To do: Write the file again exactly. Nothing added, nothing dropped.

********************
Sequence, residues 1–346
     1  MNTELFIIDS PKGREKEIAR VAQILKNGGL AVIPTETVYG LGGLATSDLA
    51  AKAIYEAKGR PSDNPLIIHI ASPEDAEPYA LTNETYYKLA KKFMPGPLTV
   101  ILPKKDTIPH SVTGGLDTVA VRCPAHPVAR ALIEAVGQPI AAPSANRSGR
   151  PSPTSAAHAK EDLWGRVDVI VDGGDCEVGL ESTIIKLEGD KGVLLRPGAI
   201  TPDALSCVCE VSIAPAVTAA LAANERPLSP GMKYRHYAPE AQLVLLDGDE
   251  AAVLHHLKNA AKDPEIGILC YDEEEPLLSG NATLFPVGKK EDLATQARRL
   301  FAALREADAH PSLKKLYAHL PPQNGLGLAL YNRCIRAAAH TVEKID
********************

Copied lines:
Sequence, residues 1–346
     1  MNTELFIIDS PKGREKEIAR VAQILKNGGL AVIPTETVYG LGGLATSDLA
    51  AKAIYEAKGR PSDNPLIIHI ASPEDAEPYA LTNETYYKLA KKFMPGPLTV
   101  ILPKKDTIPH SVTGGLDTVA VRCPAHPVAR ALIEAVGQPI AAPSANRSGR
   151  PSPTSAAHAK EDLWGRVDVI VDGGDCEVGL ESTIIKLEGD KGVLLRPGAI
   201  TPDALSCVCE VSIAPAVTAA LAANERPLSP GMKYRHYAPE AQLVLLDGDE
   251  AAVLHHLKNA AKDPEIGILC YDEEEPLLSG NATLFPVGKK EDLATQARRL
   301  FAALREADAH PSLKKLYAHL PPQNGLGLAL YNRCIRAAAH TVEKID